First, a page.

Göttingen Graduate School for Neurosciences, Biophysics, and Molecular Biosciences
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Johnsen, Steven, Prof. Dr. - Translational Cancer Research

  • 1999-2002 Ph.D. Mayo Clinic College of Medicine, Rochester, Minnesota, USA

  • 2003-2006 Doctoral Fellow, Center for Molecular Neurobiology (ZMNH), Hamburg, Germany

  • 2006-2007 Post-Doctoral Fellow, European Molecular Biology Laboratory (EMBL), Heidelberg, Germany

  • 2007-2012 Assistant Professor in Molecular Oncology, University of Göttingen Medical Faculty, Göttingen, Germany

  • 2012-2014 Assoc. Professor in Tumor Biology, University Medical Center Hamburg-Eppendorf, Hamburg, Germany

  • Since 2014 Professor for Translational Cancer Research, University Medical Center Göttingen, Göttingen, Germany

    • Major Research Interests

      The 3 x 109 bp of DNA in the human genome is organized in several higher order chromatin structures which allow for the correct packaging and “reading” of the genetic material. Importantly, the proper regulation of gene transcription, DNA replication and probably most DNA-associated nuclear functions is regulated by the post-translational modification of histone proteins. Our group is focused on the role and regulation of chromatin modifications in controlling transcription and transcription-coupled nuclear processes during tumorigenesis. The primary interest of our work is the monoubiquitination of histone H2B (H2Bub1) which appears to serve a tumor suppressor role in breast cancer and is tightly associated to active gene transcription. Although this modification has been studied extensively in yeast, relatively little is known about its function and regulation in higher eukaryotic organisms.

      In our future work we will address:
      1. The role of H2B modifying enzymes in tumorigenesis in transgenic mouse models.
      2. The regulation of tumorigenic properties and metastasis by epigenetic modifiers.
      3. How epigenetic modifications control cellular differentiation and dedifferentiation.
      4. The function of dynamics changes in chromatin structure in various nuclear processes
      Including transcription and DNA repair.
      5. The importance and regulation of 3-dimensional nuclear organization in the control
      of nuclear hormone receptor-regulated gene transcription.

      Selected Recent Publications

      • Epigenetic plasticity: A central regulator of epithelial-to-mesenchymal transition in cancer. Bedi U, Mishra VK, Wasilewski D, Scheel C, Johnsen SA. Oncotarget. 2014 Apr 30;5(8):2016-29.

      • SUPT6H controls estrogen receptor activity and cellular differentiation by multiple epigenomic mechanisms. Bedi U, Scheel AH, Hennion M, Begus-Nahrmann Y, Rüschoff J, Johnsen SA. Oncogene. 2014 Jan 20. doi: 10.1038/onc.2013.558.

      • The histone H2B monoubiquitination regulatory pathway is required for differentiation of multipotent stem cells. Karpiuk O, Najafova Z, Kramer F, Hennion M, Galonska C, König A, Snaidero N, Vogel T, Shchebet A, Begus-Nahrmann Y, Kassem M, Simons M, Shcherbata H, Beissbarth T, Johnsen SA. Mol Cell. 2012 Jun 8;46(5):705-13. doi: 10.1016/j.molcel.2012.05.022.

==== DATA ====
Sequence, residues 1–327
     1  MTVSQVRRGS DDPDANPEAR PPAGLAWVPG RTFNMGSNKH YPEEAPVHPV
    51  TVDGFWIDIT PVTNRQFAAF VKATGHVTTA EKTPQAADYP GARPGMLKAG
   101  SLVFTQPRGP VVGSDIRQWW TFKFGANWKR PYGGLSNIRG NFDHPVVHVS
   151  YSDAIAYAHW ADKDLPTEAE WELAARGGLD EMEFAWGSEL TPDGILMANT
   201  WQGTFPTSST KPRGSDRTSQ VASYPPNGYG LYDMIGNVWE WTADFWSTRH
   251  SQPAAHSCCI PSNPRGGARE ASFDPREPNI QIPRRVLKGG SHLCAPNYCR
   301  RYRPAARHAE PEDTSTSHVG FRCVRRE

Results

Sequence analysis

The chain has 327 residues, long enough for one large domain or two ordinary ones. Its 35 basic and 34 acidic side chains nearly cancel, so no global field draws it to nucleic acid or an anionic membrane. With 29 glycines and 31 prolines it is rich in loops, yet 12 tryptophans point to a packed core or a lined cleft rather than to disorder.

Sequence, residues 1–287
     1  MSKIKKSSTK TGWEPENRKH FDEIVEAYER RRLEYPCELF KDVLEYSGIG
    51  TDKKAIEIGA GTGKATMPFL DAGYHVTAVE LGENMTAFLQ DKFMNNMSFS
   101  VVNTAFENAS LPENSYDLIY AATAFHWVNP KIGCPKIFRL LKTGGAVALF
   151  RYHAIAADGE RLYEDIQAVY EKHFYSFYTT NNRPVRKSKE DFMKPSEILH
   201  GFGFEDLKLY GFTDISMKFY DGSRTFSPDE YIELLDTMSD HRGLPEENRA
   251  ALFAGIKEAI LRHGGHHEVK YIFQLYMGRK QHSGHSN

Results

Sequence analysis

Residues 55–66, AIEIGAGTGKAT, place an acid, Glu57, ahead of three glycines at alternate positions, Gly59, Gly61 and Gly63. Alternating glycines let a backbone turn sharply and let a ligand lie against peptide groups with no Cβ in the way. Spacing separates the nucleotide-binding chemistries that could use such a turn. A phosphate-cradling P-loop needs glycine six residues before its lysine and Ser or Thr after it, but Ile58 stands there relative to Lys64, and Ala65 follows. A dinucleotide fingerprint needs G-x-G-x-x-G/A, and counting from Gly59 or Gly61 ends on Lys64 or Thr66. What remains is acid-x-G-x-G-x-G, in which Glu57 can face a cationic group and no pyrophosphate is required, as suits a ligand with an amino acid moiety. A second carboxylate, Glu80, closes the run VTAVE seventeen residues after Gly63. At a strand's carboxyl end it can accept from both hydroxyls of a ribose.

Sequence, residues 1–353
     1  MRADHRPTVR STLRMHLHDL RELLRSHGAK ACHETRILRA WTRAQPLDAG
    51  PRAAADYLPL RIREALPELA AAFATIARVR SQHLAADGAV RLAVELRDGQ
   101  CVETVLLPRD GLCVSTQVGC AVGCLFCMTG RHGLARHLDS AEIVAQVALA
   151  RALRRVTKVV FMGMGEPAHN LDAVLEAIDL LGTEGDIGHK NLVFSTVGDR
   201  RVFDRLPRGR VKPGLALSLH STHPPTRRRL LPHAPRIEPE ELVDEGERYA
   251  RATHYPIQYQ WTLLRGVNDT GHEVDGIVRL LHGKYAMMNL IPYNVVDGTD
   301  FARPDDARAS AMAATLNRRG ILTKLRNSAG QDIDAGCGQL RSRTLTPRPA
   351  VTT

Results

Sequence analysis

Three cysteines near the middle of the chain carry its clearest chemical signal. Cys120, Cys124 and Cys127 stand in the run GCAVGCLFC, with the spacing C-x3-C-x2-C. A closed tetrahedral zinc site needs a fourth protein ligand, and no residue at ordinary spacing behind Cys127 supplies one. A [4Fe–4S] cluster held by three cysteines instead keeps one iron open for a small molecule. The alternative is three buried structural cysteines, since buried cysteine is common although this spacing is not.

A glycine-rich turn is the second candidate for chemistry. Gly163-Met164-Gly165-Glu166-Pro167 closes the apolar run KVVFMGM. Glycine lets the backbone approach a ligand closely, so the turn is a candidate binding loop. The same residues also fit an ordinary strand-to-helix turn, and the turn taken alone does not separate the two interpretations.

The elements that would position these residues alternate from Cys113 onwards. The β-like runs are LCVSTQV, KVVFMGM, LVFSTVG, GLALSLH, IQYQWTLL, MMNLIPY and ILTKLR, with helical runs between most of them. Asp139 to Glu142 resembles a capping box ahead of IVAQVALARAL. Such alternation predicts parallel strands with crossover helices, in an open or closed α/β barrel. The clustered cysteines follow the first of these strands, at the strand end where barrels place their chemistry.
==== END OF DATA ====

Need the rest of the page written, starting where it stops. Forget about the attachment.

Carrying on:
• Estrogen-dependent gene transcription in human breast cancer cells relies upon proteasome-dependent monoubiquitination of histone H2B. Prenzel T, Begus-Nahrmann Y, Kramer F, Hennion M, Hsu C, Gorsler T, Hintermair C, Eick D, Kremmer E, Simons M, Beissbarth T, Johnsen SA. Cancer Res. 2011 Sep 1;71(17):5739-53. doi: 10.1158/0008-5472.CAN-11-1896.

      • CDK9 directs H2B monoubiquitination and controls replication-dependent histone mRNA 3'-end processing. Pirngruber J, Shchebet A, Schreiber L, Shema E, Minsky N, Chapman RD, Eick D, Aylon Y, Oren M, Johnsen SA. EMBO Rep. 2009 Aug;10(8):894-900. doi: 10.1038/embor.2009.108.

      • The histone H2B-specific ubiquitin ligase RNF20/hBRE1 acts as a putative tumor suppressor through selective regulation of gene expression. Shema E, Tirosh I, Aylon Y, Huang J, Ye C, Moskovits N, Raver-Shapira N, Minsky N, Pirngruber J, Tarcic G, Hublarova P, Moyal L, Gana-Weisz M, Shiloh Y, Yarden Y, Johnsen SA, Vojtesek B, Berger SL, Oren M. Genes Dev. 2008 Oct 1;22(19):2664-76. doi: 10.1101/gad.1703008..

      • Bromodomain protein BRD4 is required for estrogen receptor-dependent enhancer activation and gene transcription. Nagarajan S, Hossan T, Alawi M, Najafova Z, Indenbirken D, Bedi U, Taipaleenmäki H, Ben-Batalla I, Scheller M, Loges S, Knapp S, Hesse E, Chiang CM, Grundhoff A, Johnsen SA. Cell Reports, 2014 Jul 24;8(2):460-9. doi: 10.1016/j.celrep.2014.06.016. Epub 2014 Jul 10.



Prof. Dr. Steven Johnsen
University Medical Center Göttingen
Clinic for General, Visceral and Pediatric Surgery
UBFT 3-C2-514
Robert-Koch-Straße 40
37075 Göttingen

Tel: +49 (0)551 39-20830 (Office - Clinic)
Tel. +49 (0)551 39-13711 (Office - GZMB)
Tel: +49 (0)551 39-9755 (Assistant: Larissa Geier)
Fax: +49 (0)551 39-12297

GGNB Affiliation

Molecular Biology (IMPRS)
Biomolecules: Structure - Function -
Dynamics (GZMB)

Molecular Biology of Cells (GZMB)
Genes and Development